Kayak the Kleinmond Estuary
Approximately four hours of kayaking on the flat water of the Kleinmond Estuary.
The Kleinmond Estuary, the western arm of the Bot River – Kleinmond Estuarine System, covers about 1400 ha, from Kleinmond in the west to Hawston in the east. How far to go depends on the water level and kayakers’ energy level.
What to look for
The international conservation organization BirdLife International has identified The Bot River – Kleinmond Estuarine system as an ‘Important Bird and Biodiversity Area’ (IBA). Among the 233 bird species listed in the area, 86 of which are waterbirds, look out for Yellow-billed Duck (Anas undulata), Southern Pochard (Netta erythrophthalma), Red-knobbed coot (Fulica cristata), Cape shoveler (Anas smithii), Black-necked Grebe (Podiceps nigricollis) and Great-crested Grebe (Podiceps cristatus) that breed in the area.
Also present at certain times of the year are the Great White Pelican (Pelecanus onocrotalus) and African Spoonbill (Platalea alba). Expect to see a variety of cormorants, gulls, terns and Egyptian geese. Look out for the Pied Kingfisher (Ceryle rudis), Giant kingfisher (Megaceryle maxima) and the colourful Brown-hooded Kingfisher (Halcyon albiventrus) and raptors such as the vulnerable African Marsh-harrier (Circus ranivorus) and the African Fish-eagle (Haliaeetus vocifer).
One theory is that Boer sympathizers hid the horse’s forebears in the area from the British Army during the Anglo-Boer War (1899 – 1902). Another more carefully researched theory is that they are descended from a sub-group of the Cape Horse, called the ‘Boland Waperd’, which was the all purpose draft animal of Cape farmers in the 18th and 19th centuries.
Over many generations the horses have adapted well to their wetland habitat, developing widened hooves and flourishing on the wetland vegetation. In the absence of other large herbivores that once roamed these plains and wetlands, such as eland, zebra, buffalo and hippo, the horses play an important role in the ecology of the area, grazing on wetland vegetation and treading trails through reedbeds which would otherwise choke the waterways.
It won’t take long to meet tasselweed. Botanists know it as Ruppia maritima, an important food source and floating nesting material for ducks, grebes, coots and others. Paddle between tall stands of Fluitjiesriet (Phragmites australis) and Bulrush (Typha capensis) that provide cover for a host of birds, including Cape Weaver (Ploceus capensis), Yellow Bishop (Euplectes capensis), African Purple Swamphen (Porphyrio madagascariensis), Common Moorhen (Gallinula chlorophus) Black Crake (Amauroris flavirostra) and many more.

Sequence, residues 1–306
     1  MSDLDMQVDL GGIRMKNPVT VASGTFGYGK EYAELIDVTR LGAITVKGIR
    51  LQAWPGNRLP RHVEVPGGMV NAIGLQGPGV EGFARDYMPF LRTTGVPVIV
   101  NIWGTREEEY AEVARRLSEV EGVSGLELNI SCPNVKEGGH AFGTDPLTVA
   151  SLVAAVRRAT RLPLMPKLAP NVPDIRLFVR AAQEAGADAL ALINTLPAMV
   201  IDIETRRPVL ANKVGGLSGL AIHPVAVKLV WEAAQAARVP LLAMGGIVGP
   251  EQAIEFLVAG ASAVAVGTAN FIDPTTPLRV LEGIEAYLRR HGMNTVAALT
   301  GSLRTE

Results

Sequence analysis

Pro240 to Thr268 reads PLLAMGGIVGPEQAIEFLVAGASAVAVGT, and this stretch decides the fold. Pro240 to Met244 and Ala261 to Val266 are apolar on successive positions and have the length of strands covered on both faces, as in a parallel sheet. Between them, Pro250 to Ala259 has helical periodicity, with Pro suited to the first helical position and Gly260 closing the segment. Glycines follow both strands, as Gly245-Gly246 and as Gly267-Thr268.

Picnic on an island (depending on water levels) where the restio Elegia tectorum occurs, for centuries the preferred thatching material for Khoi and early trekboer homes alike.
The Kleinmond Estuary is in Cape Lowland Freshwater Wetland vegetation and lies between Hangklip Sand Fynbos on the north side, with its astonishing variety of protea species (Pagoda bushes, Conebushes, Pincushions), moisture loving Erica, and many geophytes (bulbous plants), among them Gladiolus, Ixia, Watsonia and more.
Overberg Dune Strandveld covers the dunes on the south. Dune Strandveld is really about trees. Often referred to as ‘Coastal Thicket’, Dune Strandveld is home to several species of berry producing ‘Taaibos’ (Searsia species) loved by birds. An iconic Dune Strandveld tree is the Milkwood (Sideroxylon inerme), preferred habitat of the Large Spotted Genet (Genetta tigrina).
Sunhats and clothing suitable for changeable weather, water, drinks and trail food are essential. Kayakers must expect their footwear and shorts/trousers to get wet! Kayaks and personal flotation devices (‘life jackets’) are provided. Kayaking the Kleinmond Estuary is weather dependent.
- R360.00 per person for a party of two or three (includes use of kayaks and personal flotation devices supplied by Cape Mountain & Field)
- If more than three, hire of additional kayaks/canoes: R240.00 per additional kayak/canoe.
- No fee payable for the access to the Estuary